Mammography is currently the gold standard screening test for breast cancer [3]. However, it has important limitations, wherein a higher breast density, especially in younger women, can represent a major obstacle for the detection of small tumors [4, 5]. Kerlikowske et al. [6] reported that age has a considerable influence on the sensitivity of mammography, which is higher (87%) among women aged 60–69 and lower (68%) among women aged 30–39. Breast ultrasound (US) has an additional role, particularly in young women, yet has a variable reported accuracy due to its operator-dependent nature [7]. Breast magnetic resonance imaging has become an essential tool in high-risk screening, but is not suitable for large scale screening in the average-risk population [6, 8,9,10]. At present, no single technology allows for the optimal screening of women aged 40–69, with the combined sequence of mammography followed by US being frequently adopted in the case of negative mammography in dense breasts. In this context, new technologies for breast cancer diagnosis deserve attention, especially those that are radiation-free, either as stand-alone or for combined use with other technologies not exposing the breast to ionizing radiation.

Transillumination of the breast dates back to the 1920s [11]. However, its low sensitivity and specificity has limited its clinical use. With progress in photonic technologies and mathematic modeling of light propagation through tissues, optical imaging has evolved to a stage that allows its evaluation in a clinical setting [11, 12].

Dynamic optical imaging is based on the detection and analysis of red light transmission through the breast tissue and recording of the transitory responses of the tissue due to compression inducing changes in blood-flow volume. Such pressure stimulus results in the dynamic behavior of optical properties of the tissue, creating various dynamic profiles in regions with abnormal vascularization. Preliminary results in favor of this approach in young women were published in 2005 [13]. In 2009, dynamic optical imaging was evaluated in 46 patients, wherein the number of suspicious pixels in 12 benign lesions was significantly lower than that in 35 malignant lesions, with a sensitivity, specificity, and accuracy of 74%, 92%, and 79%, respectively [14]. Cheng et al. [15] performed dynamic optical imaging in 62 patients and obtained a sensitivity and specificity of 93% and 45%, respectively, in comparison with sensitivity and specificity values of 84% and 62% achieved with mammography. A recent work by D’Aiuto et al. [16] proposed a score system for the interpretation of dynamic optical images resulting in a sensitivity of 80% and a specificity of 87% in 113 patients preoperatively.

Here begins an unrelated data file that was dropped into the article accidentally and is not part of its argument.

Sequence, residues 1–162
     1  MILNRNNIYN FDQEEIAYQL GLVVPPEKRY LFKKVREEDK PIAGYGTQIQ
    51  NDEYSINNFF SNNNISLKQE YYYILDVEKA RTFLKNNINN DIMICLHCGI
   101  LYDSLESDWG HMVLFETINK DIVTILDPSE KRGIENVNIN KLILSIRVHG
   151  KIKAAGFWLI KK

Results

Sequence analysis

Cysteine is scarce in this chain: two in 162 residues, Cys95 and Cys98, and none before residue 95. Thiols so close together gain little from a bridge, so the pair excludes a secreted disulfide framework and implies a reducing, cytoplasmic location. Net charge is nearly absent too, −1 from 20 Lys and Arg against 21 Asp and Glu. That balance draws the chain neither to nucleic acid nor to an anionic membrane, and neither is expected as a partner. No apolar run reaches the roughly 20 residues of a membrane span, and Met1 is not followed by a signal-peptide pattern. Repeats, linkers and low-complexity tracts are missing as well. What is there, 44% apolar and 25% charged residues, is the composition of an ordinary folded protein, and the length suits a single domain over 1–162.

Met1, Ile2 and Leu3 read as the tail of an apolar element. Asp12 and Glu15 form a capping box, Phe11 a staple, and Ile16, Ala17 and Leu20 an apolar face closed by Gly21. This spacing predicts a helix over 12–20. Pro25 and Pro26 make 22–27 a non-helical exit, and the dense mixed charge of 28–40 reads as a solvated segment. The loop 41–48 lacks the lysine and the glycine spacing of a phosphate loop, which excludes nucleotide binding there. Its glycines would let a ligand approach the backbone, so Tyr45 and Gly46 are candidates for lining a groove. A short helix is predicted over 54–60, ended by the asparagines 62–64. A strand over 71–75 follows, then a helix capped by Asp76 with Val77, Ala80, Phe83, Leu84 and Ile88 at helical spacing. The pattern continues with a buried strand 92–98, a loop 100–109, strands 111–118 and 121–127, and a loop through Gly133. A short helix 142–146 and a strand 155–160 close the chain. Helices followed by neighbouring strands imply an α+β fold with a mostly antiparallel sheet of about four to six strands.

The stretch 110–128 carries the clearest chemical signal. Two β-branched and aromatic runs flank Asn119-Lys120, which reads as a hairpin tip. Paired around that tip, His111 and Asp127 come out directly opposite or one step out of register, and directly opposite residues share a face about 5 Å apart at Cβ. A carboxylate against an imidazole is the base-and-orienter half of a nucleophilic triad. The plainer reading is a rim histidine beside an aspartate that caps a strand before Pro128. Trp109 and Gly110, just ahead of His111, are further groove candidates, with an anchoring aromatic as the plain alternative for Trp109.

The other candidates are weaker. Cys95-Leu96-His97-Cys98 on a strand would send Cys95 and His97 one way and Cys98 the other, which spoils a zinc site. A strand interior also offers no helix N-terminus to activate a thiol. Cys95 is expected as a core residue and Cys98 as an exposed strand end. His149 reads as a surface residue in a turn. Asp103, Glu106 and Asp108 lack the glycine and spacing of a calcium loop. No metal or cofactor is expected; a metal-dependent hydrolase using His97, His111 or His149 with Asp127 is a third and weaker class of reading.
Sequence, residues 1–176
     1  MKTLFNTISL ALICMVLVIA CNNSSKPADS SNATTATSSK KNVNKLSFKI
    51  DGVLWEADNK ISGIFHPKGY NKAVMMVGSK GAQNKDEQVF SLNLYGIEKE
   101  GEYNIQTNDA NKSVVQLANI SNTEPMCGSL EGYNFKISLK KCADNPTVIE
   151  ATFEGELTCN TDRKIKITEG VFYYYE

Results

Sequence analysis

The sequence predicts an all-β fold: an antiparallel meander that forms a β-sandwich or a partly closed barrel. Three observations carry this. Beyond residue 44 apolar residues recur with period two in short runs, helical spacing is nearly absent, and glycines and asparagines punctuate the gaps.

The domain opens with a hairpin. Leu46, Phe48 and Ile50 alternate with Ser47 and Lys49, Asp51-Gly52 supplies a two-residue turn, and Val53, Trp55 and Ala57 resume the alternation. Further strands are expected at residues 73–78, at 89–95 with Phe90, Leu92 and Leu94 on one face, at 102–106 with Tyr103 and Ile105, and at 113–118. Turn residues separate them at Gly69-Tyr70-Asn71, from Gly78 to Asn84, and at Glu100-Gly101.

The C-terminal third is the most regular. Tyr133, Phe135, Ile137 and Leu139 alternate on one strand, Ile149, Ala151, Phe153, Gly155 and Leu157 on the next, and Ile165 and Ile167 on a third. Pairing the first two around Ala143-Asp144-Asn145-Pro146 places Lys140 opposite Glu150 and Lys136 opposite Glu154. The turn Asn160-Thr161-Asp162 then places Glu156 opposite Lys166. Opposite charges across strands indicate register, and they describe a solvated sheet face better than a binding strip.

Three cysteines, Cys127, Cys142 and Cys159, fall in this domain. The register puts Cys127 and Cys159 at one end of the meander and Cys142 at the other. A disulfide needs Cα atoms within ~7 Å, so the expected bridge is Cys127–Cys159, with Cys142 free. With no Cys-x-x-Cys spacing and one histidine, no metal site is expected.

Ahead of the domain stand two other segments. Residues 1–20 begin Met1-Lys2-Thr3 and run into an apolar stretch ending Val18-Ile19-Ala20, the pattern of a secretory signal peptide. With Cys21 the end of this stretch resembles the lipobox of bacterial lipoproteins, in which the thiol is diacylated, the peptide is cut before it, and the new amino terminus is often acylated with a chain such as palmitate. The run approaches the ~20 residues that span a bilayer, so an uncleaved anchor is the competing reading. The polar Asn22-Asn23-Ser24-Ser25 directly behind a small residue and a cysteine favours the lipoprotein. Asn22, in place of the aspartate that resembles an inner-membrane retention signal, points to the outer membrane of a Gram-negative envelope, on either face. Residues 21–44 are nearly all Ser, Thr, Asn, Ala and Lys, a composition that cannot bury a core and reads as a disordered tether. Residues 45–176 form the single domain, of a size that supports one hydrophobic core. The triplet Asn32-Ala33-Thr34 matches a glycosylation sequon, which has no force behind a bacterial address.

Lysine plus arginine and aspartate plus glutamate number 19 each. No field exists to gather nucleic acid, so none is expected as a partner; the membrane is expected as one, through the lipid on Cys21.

The aim of this study is to determine the diagnostic performance of an evolution of dynamic breast optical technology in patients with breast lesions using a score system and the combination of dynamic breast optical imaging and conventional imaging (mammography or US). The study was conducted in the context of a deoxyhemoglobin concentration alteration (DeHCA) project that assesses new applications of optical technologies in breast cancer diagnosis based on the evaluation of abnormal values of the DeHCA biomarker.


Study population